According to Merriam-Webster, jitney is slang for nickel:

Jitneys weren't worth a dime—just a nickel. In the early 1900s, jitney was slang for "nickel," but it wasn't long before the term was applied to a new mode of public transportation that only cost a nickel.

It also says the etymology is unknown. Are there any theories as to the origin of jitney?


According to Etymonline jitney meaning small coin is probably from New Orleans French jeton (coin-sized metal disk):

  • American English, from gitney (n.), said in a 1903 newspaper article to be a St. Louis slang for any small coin, especially "a nickel," (the buses' fare typically was a nickel), the coin name perhaps via New Orleans from French jeton "coin-sized metal disk, slug, counter" (see jetton).

World Wide Words suggests that its meaning for nickel coin is from the late 19th century:

  • The story begins near the end of the nineteenth century. Jitney (or gitney) was then a slang term for five cents (or perhaps for a nickel coin, it’s hard to tell). The earliest example researchers have so far found is in an exchange between a pair of tramps:
    • Can’t spare de change. Me granmaw died in Sout’ Afriky an’ I need dis to float me over ter de fun’ral.” “Quit yer kiddin’ an’ let me have a jitney.”

From: The Morning Herald (Lexington, Kentucky), 16 Dec. 1899.

Its usage referring to vehicles appears to be at least a decade later as suggested by Wordorigins.com.

The original meaning of jitney was ‘a five-cent piece, a nickel:

  • 1903 Cincinnati Enquirer 2 May 11/5 [In St. Louis] a ‘crown guy’ is a policeman, a ‘gitney’ is a nickel, and ‘mug’s landing’ is the Union Station.

  • It was then used in phrases (1914, earliest cite in OED) such as jitney bus, a cheap bus ride and thence to anything of low cost, ("An omnibus or other motor vehicle which carries passengers for a fare, orig. five cents. So, on account of the low fare or the poor quality of these buses, used attrib. to denote anything cheap, improvised, or ramshackle.") including it would seem lunches, although OED doesn’t have a specific cite for that.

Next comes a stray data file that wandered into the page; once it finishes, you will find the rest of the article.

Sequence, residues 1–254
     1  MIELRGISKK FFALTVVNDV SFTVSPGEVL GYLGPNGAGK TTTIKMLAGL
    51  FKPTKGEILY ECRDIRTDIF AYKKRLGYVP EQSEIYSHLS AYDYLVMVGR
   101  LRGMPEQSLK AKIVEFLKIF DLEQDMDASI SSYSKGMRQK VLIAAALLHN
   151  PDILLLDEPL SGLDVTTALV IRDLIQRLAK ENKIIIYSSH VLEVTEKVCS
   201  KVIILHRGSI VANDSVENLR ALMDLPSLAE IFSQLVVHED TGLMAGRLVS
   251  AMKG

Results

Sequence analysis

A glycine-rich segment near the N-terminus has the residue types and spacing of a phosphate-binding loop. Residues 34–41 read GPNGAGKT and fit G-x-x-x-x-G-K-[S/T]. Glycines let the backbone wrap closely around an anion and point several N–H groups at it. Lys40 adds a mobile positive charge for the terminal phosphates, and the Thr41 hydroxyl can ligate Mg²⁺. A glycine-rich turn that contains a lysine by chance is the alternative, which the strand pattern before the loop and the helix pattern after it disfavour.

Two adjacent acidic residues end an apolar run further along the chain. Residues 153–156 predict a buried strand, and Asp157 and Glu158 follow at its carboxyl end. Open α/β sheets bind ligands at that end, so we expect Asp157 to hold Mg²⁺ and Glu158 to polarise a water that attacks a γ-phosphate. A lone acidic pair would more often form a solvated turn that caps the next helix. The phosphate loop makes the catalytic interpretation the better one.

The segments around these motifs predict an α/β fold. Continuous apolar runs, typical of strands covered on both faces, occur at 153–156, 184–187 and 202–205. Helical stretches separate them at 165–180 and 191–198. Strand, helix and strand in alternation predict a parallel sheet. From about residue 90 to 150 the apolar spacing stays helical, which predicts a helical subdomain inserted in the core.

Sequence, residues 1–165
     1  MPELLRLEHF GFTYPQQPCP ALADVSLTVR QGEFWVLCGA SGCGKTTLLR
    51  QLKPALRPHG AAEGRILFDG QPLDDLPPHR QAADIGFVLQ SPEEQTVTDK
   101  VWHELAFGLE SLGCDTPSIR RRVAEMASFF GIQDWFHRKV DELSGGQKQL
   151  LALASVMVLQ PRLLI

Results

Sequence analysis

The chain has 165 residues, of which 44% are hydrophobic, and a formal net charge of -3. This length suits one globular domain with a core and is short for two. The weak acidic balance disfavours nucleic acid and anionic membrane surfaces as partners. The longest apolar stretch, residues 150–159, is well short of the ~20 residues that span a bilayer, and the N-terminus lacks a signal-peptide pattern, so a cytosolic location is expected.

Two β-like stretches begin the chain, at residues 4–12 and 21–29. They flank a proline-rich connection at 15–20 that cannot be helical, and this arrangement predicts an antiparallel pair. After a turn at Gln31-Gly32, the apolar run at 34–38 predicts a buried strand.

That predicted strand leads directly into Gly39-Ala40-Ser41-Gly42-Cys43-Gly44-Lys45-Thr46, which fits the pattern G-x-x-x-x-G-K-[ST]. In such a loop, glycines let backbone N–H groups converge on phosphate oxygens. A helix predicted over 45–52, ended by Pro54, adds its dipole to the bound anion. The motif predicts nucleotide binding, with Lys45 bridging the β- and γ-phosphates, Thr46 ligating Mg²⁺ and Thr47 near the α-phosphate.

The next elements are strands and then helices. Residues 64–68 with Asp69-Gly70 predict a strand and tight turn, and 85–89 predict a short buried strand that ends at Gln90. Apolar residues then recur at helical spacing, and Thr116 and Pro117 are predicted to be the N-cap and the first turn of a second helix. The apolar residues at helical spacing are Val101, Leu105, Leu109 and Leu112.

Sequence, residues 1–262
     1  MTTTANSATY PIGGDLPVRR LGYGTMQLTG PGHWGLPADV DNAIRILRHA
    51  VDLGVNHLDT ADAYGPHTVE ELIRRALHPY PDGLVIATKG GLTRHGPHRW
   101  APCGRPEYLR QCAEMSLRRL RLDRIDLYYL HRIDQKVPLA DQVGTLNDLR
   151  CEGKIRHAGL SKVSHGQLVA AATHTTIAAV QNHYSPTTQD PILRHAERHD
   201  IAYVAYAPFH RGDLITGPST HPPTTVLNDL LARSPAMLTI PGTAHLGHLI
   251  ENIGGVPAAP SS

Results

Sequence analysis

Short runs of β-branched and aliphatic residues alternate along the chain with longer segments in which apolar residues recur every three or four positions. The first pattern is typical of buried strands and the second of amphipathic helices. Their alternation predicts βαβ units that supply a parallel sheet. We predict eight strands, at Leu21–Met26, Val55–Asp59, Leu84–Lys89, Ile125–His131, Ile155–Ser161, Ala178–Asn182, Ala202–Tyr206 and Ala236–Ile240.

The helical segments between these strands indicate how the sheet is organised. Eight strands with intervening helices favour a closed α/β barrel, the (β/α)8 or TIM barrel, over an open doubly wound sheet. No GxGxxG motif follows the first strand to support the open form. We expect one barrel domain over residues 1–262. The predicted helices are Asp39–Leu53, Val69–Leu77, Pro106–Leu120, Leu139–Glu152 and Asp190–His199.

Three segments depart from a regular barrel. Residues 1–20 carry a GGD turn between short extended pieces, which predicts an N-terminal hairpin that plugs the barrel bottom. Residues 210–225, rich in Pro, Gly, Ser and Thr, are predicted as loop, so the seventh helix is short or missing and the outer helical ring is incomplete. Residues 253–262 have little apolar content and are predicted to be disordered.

From World Wide Words article on the word Jitney:

There are strong hints in early sources, including the first known example, that the word appeared first in the south-eastern United States among Creole-speaking African Americans. If so, the most likely source that specialists have put forward is a Louisiana French term jetnée, which is said to derive from French jeton, a token.

This remains a supposition, albeit a plausible one. The experts remain understandably cautious.

Additionally, there is this citation:

The following newly-reported discovery appears to confirm such an origin by giving--in an African-American newspaper in 1898--a transitional form.

Illinois Record, Springfield IL, [America's Historical Newspapers] Jan 29, 1898, p. 3 col. 5 "Spingfield South-End Happenings": "What little jetney coachman on S. 6th street has such a big head he cant put on the coachman's hat he only wears the coat with brass buttons?"

Note association with coach as well as (presumably) coin (or token), of little worth.

This can be found on the LinguistsList Listserve in a posting from July, 2016.


Supplemental to the pre-existing fine answers, I've antedated 'jitney' in the sense of 'nickel' to 09 Dec 1886, where the slang term appears on page 1 of the Springfield Daily Republic (behind paywall; at that time the newspaper was published as the Springfield Globe-Republic in Springfield, Ohio):

jitney is a nickel, 1886 Springfield Globe-Republic

Different Names for a Five-Cent Piece

The bootblacks at the Springfield depots haven't got any flies on them, you bet. They are nothing if not up with the times. This morning one of them accosted a young man with the usual —
"Shine 'em up, sir."
"Do it for five."
"Don't wan't it."
"Do it for a 'nick.'"
"Don't wan't 'em shined."
"Do it for a 'jitney,'"
"Do it for a louie."
"Oh, for heaven's sake, go 'way."
It is hard to tell how many more slang terms the kid would have used for a five-cent piece if he hadn't left just then to strike another prospective customer.

Antedating 'jitney' in the sense of 'nickel' to 1886 tends to buttress the anecdotal account reported at Etymonline that the term was in use as early as 1849, while establishing that use in Ohio somewhat erodes the claim that the origin was in the US West.